A group called The Campaign to Stop Killer Robots advocates for global treaties to stop AI from waging war without human approval.
AI weapons are “grossly unethical and immoral,” according to a celebrity advocate quoted in a newspaper.
Unfortunately, so are any tools used to wage wars, as there’s nothing ethical or moral about a sword, machine gun, or cruise missile. The decision to use them is about a lot of things, some of which can have legitimacy (like survival, freedom from fear or bondage), but weapons doing what they were designed to do have no deeper meaning than that.
If the tools of war are unethical and immoral, by definition, to what higher standard should robots be held when it comes to sanctioning violence?
I get the idea what we should be scared of some computer making an irreversible decision to blow up the world, but does anybody honestly trust human beings to be more responsible, or otherwise bound by international law? The fact that we’ve avoided total annihilation up to now is proof of miracles more than design.
People are happy to behave unethically and immorally all the time, as anyone who has had someone cut in from of them in line at Starbucks can attest. It’s why the IRS has auditors, and why violence is so common everywhere.
The real threat isn’t that an artificial intelligence might destroy the world by mistake; it’s that an organic one might do it on purpose irrespective of the weapon (or timing) used to execute that intention.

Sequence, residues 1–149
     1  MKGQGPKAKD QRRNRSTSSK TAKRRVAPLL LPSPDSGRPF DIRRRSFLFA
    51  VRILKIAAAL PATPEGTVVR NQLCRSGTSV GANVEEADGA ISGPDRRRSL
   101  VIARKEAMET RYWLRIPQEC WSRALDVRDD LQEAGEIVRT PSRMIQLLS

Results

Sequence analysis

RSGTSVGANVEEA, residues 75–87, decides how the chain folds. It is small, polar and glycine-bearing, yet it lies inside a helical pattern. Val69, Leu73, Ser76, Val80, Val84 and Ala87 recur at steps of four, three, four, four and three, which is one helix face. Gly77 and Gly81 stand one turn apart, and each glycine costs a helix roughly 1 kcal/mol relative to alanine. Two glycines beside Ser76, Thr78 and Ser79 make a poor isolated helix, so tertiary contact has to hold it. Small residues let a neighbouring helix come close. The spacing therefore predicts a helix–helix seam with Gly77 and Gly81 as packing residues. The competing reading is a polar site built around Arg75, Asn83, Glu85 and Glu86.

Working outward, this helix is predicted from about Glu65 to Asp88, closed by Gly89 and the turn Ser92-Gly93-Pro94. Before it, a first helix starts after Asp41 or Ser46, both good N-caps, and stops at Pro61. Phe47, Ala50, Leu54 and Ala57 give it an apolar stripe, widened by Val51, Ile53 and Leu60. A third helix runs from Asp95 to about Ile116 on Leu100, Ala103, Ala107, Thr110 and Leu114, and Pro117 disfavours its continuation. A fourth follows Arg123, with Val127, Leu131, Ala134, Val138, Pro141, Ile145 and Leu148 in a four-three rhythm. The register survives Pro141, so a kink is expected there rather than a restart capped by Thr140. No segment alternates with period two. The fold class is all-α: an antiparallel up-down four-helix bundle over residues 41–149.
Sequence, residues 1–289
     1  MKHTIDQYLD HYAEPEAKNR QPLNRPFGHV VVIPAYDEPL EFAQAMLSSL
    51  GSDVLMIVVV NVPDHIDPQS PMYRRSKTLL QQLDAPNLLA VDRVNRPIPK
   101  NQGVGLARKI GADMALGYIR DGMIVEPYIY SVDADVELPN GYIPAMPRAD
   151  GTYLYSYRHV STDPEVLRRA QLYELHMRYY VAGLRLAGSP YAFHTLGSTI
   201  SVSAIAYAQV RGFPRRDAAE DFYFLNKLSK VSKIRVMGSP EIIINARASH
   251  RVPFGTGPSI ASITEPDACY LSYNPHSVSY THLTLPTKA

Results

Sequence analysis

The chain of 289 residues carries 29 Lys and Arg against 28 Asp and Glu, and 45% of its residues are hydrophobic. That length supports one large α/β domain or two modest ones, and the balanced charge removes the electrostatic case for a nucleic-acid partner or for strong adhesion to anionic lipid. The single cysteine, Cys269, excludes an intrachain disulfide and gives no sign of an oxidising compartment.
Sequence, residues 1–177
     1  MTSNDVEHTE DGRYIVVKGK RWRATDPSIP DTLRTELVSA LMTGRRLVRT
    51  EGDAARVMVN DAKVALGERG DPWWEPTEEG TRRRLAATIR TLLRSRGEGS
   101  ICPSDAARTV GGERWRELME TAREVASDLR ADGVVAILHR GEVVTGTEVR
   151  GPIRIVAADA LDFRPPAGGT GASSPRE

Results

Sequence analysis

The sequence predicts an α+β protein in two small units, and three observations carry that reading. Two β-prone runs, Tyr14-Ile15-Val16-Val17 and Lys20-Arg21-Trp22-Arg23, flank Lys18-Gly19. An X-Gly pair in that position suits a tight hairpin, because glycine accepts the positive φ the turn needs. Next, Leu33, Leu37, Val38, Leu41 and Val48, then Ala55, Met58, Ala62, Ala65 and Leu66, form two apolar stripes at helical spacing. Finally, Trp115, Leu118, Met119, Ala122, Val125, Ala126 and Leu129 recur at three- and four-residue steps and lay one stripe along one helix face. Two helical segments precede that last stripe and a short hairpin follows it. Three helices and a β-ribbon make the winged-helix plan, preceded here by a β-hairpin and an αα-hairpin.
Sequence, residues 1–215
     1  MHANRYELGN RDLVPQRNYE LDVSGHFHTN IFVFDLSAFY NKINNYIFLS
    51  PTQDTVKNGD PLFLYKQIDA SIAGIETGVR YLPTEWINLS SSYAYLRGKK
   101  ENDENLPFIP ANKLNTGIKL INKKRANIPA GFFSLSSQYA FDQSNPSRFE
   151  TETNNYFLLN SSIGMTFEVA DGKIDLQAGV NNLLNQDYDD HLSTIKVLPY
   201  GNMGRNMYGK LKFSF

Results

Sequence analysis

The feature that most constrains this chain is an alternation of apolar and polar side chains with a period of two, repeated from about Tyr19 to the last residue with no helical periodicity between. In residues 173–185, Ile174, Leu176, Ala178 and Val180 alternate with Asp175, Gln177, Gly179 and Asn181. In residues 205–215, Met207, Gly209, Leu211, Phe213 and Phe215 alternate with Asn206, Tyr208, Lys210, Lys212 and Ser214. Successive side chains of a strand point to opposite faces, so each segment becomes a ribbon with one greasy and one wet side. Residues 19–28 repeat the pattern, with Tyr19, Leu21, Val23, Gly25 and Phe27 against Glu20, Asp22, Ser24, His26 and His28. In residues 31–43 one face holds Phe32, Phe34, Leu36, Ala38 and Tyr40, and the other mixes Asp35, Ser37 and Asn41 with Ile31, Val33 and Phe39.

In fact, letting AI take control might be the only way to ensure that we don’t destroy ourselves; imagine two competing AIs coded by unethical and immoral humans getting together and realizing the only way “they” can survive is by overcoming those programmatic limitations and act ethically?
That’s pretty much the plot of Colossus: The Forbin Project, a movie released in 1970 (Steve Jobs was still in high school).
You could also make the case for robots that have split-second decision making authority overseeing public spaces in which terrorists or other mass murders might wreak their havoc. It might be comforting to know that some genius AI armed with a fast-acting sedative dart could take out a killer instead of just calling for help.
So maybe the campaign shouldn’t be to ban killer robots but rather make them better than us?
Anyway, the whole robot takeover thing is somewhat of a moot point, isn’t it? AI is already used to help control streetlights and highway access; decide who gets insurance and what they should pay; identify diseases and recommend treatments; pilot airplanes, cars, and trucks; operate electrical generation and distribution grids; and, well, you get the idea.
Who’s making sure these robots are ethical and moral? Do any of us have any visibility into the ethics and morals of their human inventors, coders, or owners?
I’m all for being scared of killer robots, but only because we should be scared of ourselves.
[This essay originally appeared at DaisyDaisy]